The saga incorporates a terrific cast. This includes a cat burglar named Selina Kyle (Zoë Kravitz), crime boss Carmine Falcone (John Turturro), and a mobster played by an unrecognizable Colin Farrell. Oswald Cobblepot is his name but you might know him better as The Penguin. Of course, the most important person is Robert Pattison as the main character. He’s officially the 10th person to portray Batman in a live-action picture. Pattinson manages to offer a unique take on his personality. Bruce Wayne is significantly more troubled with what he is doing. The most depressed and broken interpretation of the character we’ve seen thus far. He’s also younger than the most iconic portrayals. Pattinson is physically slight, less stocky. His emo haircut says he’s sensitive and even sports eyeliner when he wears the cowl. “They think I’m hiding in the shadows, but I am the shadows,” he whispers. This Batman doesn’t growl like his predecessors.

The Batman is a lot of things. Simply consider the definite article before the name. The title is a declaration that’s a little presumptuous right off the bat, no pun intended. The film is also too long…nearly three hours. The convoluted tale features the labyrinthian twists and turns of an investigation. Although to its credit, it doesn’t drag. But most of all it’s dark. I’m talking pitch black. The atmosphere is not an innovation. We’ve seen this somber rendition before. It’s so bleak but it does affect the compelling mood of a neo-noir. Director Matt Reeves stages the action with such visual flair underscored by the stunning cinematography of Greig Fraser (Lion, Dune). One stylish scene with Selina Kyle takes place in a sordid private club amidst the flashing strobe lights. The movie feels cinematic. Although it may not top Christopher Nolan’s Dark Knight trilogy, there’s still much to admire. That’s enough for a recommendation.

03-03-22

Spider-Man: No Way Home

Posted in Action, Adventure, Fantasy, Superhero with tags on December 23, 2021 by Mark Hobin

Rating: 3.5 out of 5.

Spider-man has had a long and varied history on film. It all began rather inauspiciously in 1977 with a made-for-TV movie that served as the pilot for The Amazing Spider-Man series on CBS. That starred Nicholas Hammond (Friedrich von Trapp in The Sound of Music). Since then, we’ve gotten productions with a considerably higher budget: the Sam Raimi directed pictures (2002–2007) starring Tobey Maguire and those helmed by Marc Webb (2012–2014) with Andrew Garfield. Sony’s Licensing agreement with Marvel Studios then allowed a group of movies featuring Tom Holland to officially become a part of the MCU. There was Spider-Man: Homecoming (2017), then Far From Home (2019), and now the latest No Way Home. The recurring word “home” appearing in every title has always made differentiating these titles a little difficult for this reviewer. Nevertheless, I’ve enjoyed them. The latest is no exception.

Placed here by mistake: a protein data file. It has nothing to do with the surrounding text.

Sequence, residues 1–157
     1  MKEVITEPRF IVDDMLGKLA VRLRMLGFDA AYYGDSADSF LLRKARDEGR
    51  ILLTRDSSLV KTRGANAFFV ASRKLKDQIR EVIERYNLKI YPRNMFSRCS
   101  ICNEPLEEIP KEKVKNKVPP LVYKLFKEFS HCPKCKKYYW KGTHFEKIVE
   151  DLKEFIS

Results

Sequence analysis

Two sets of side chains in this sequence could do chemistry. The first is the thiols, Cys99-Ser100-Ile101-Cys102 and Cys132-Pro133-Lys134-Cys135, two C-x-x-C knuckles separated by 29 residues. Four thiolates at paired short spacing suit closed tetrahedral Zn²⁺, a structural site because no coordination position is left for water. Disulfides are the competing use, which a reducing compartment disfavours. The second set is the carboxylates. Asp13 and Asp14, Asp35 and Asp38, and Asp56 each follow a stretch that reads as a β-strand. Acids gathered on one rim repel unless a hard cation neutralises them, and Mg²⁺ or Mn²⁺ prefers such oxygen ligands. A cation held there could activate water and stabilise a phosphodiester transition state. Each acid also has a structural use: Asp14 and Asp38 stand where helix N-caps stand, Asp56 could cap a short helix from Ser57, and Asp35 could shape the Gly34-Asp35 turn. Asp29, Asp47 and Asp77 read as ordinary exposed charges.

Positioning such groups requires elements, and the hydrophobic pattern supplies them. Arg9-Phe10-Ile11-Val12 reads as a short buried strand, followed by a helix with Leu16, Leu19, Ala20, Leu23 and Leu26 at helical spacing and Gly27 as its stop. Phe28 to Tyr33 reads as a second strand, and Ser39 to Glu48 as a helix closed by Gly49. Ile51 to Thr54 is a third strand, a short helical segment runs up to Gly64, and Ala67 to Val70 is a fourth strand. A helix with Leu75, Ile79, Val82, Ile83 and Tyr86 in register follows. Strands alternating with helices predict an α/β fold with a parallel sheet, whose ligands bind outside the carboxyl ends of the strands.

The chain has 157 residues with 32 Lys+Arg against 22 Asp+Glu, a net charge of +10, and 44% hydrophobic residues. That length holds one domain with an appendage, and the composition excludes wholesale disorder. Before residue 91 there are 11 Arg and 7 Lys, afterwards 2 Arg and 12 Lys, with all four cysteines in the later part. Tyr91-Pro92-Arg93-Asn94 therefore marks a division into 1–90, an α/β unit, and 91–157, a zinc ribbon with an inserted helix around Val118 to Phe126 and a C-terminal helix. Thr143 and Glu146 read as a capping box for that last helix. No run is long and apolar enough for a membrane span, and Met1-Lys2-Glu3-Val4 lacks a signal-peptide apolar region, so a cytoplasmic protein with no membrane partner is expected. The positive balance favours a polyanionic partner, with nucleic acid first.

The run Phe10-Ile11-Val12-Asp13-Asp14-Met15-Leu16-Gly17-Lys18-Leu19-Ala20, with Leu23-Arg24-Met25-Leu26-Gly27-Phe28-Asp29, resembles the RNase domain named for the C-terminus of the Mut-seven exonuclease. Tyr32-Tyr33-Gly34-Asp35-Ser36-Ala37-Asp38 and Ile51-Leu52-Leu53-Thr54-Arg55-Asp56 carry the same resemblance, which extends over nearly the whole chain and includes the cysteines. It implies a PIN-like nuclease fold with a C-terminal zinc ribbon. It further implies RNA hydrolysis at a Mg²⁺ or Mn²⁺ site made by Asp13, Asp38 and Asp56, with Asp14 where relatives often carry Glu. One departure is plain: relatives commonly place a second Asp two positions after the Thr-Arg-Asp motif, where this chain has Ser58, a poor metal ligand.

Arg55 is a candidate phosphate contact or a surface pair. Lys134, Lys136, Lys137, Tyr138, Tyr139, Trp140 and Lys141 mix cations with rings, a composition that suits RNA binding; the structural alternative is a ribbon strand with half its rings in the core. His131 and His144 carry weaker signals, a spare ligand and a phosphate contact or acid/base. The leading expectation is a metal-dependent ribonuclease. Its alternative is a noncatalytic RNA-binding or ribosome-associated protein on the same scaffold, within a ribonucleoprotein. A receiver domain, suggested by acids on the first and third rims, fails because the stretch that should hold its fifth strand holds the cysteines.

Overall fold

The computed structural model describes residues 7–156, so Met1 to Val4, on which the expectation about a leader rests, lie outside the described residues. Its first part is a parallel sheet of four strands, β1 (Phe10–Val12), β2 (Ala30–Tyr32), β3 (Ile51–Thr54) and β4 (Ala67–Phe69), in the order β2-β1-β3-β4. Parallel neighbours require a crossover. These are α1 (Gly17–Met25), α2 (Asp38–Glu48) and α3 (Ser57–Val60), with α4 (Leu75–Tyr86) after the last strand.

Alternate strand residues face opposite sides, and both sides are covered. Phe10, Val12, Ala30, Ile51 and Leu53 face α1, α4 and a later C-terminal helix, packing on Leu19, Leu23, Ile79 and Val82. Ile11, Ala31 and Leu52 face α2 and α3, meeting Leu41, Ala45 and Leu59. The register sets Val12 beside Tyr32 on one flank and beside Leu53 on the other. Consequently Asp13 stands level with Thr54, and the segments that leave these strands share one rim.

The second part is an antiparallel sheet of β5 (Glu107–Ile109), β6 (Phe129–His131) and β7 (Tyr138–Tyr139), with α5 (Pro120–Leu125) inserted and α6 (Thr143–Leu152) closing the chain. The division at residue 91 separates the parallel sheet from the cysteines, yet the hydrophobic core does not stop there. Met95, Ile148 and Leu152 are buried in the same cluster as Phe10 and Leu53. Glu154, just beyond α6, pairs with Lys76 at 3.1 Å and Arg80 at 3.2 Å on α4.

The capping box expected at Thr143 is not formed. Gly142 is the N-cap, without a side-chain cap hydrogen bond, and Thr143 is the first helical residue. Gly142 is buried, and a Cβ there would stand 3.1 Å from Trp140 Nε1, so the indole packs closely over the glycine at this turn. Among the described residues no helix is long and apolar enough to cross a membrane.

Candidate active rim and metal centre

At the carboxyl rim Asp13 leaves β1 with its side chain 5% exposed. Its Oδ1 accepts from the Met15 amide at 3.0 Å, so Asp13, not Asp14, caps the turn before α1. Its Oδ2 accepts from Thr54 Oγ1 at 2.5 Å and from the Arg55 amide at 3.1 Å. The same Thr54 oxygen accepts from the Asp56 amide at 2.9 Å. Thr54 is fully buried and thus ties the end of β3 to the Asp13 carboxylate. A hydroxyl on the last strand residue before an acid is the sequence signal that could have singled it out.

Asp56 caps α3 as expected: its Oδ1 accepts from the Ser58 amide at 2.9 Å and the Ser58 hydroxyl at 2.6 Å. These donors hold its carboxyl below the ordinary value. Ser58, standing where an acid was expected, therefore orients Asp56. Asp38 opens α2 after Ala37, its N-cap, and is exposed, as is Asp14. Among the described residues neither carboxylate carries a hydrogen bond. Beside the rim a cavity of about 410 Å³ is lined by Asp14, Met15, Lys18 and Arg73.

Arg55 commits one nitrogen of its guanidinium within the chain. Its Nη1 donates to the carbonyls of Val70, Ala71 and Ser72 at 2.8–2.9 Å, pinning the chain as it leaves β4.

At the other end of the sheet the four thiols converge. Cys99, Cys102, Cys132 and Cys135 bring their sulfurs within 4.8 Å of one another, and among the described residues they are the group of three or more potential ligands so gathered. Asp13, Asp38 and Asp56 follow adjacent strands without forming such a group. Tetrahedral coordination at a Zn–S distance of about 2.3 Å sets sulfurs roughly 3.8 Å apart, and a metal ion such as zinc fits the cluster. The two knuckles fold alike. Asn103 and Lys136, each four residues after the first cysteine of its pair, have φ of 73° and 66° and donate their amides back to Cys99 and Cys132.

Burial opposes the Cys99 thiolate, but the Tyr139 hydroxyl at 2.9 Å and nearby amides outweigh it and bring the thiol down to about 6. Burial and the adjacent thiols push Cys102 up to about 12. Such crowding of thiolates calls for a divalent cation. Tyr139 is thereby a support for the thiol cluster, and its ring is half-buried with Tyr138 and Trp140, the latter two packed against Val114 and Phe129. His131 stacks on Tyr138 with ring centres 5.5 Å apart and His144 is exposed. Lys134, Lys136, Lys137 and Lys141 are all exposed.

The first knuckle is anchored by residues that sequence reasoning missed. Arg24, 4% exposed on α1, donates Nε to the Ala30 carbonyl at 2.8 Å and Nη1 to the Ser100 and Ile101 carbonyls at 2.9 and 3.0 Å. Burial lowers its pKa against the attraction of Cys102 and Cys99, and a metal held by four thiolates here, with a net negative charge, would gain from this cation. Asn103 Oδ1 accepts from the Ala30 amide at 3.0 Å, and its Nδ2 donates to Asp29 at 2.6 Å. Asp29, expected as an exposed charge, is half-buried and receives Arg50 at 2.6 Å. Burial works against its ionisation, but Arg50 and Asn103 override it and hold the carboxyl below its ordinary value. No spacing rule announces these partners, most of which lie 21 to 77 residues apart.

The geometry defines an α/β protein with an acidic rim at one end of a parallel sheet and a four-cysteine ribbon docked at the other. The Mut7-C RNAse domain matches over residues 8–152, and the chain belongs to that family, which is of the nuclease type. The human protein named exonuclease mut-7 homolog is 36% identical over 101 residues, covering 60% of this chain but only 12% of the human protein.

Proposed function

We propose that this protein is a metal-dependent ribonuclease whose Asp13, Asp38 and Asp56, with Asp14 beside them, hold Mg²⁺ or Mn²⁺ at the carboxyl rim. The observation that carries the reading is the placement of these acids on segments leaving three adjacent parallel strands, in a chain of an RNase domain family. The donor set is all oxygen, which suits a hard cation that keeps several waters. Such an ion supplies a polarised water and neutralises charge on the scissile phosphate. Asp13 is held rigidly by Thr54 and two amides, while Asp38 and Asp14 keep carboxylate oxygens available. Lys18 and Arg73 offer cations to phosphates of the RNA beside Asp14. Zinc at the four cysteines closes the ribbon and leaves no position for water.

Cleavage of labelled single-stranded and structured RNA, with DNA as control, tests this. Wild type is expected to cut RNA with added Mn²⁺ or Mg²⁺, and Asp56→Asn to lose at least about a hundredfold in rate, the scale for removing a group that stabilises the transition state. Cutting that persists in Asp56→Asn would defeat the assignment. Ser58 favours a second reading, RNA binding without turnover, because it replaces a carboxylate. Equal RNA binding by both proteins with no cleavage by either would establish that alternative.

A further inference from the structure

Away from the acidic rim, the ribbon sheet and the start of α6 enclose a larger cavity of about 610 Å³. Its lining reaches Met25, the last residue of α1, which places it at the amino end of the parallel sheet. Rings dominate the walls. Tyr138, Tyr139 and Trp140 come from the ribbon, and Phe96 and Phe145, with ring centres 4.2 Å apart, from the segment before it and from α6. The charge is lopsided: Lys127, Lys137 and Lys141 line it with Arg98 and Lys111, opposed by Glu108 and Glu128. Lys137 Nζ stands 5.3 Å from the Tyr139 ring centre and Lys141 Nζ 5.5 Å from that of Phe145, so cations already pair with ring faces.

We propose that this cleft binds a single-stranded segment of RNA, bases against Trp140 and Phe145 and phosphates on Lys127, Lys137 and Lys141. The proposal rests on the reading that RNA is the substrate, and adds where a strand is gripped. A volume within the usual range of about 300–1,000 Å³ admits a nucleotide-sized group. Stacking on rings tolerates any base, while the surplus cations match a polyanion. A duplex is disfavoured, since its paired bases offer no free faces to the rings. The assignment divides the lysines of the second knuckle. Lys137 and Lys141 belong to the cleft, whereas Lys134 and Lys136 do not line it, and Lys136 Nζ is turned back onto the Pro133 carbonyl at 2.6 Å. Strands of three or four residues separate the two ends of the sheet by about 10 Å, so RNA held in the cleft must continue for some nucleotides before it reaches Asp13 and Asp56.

The story is refreshingly succinct at heart. After Mysterio (Jake Gyllenhaal) reveals Peter Parker (Tom Holland) is Spider-Man, Peter appeals for help from Doctor Strange (Benedict Cumberbatch) to conjure a spell to make people forget his true identity. Complications arise.

What makes the 8th Spider-Man entry different in yet another SONY-produced installment is the way it effectively embraces nostalgia. Peter Parker must contend with a panoply of villains in this episode. These include the Green Goblin (Willem Dafoe) and Doctor Octopus (Alfred Molina). This then is the cinematic equivalent of a greatest hits album if you will. Still using that analogy, I will offer there are a few bonus cuts as well. The additions will delight longtime fans of the franchise. It’s a superficial pleasure, but a genuine one.

The screenplay’s attempts at poignancy and significance will resonate more with people who come to this movie already invested. Learning from your mistakes and the link between power and responsibility are imparted as words of wisdom. Another lesson is giving people second chances, even at the expense of making some extremely bad choices. A key plot point is that Peter is conflicted by people who divide over whether he is a hero or a menace to society. J. Jonah Jameson (J. K. Simmons ) is a conspiracy theorist with his own news show on the internet. Jameson vociferously speaks out against the web-slinger. The public seems divided, although we the audience are invited to view Jameson as a crackpot.

Then Peter makes a choice. Director Jon Watts is working from a script by Chris McKenna and Erik Sommers. Up until this point, they had managed to keep me on board with the various machinations of the story. Even the leap required to accept that Doctor Strange would agree to cast that ridiculous spell. Peter’s error in judgment goes against the strict admonitions of Doctor Strange. It is a highly flawed decision that I could never get behind. Quite frankly, it’s indefensible. “You only have yourself to blame!” was my reaction to every bad thing that happens thereafter. This includes someone’s death.

No Way Home is still a sturdy, entertaining flick. You’ll get the requisite battles and they’re fine. More appreciated is the camaraderie between these beloved characters. Actors Tom Holland (Peter Parker), Zendaya (MJ Jones-Watson), and Jacob Batalon (Ned Leeds) have a rapport that is deeply affecting. They have a connection. You truly believe in their core friendship. However, I would argue that Holland has become so ultrabuff he looks out of place, especially in one scene where he appears shirtless. Their interactions are what carried me through the standard-issue action scenes. The screenplay seeks to inject sentimentality into the narrative with emotional developments. These efforts are more meaningful because of their chemistry. The relationship of this trio goes a long way into making us care.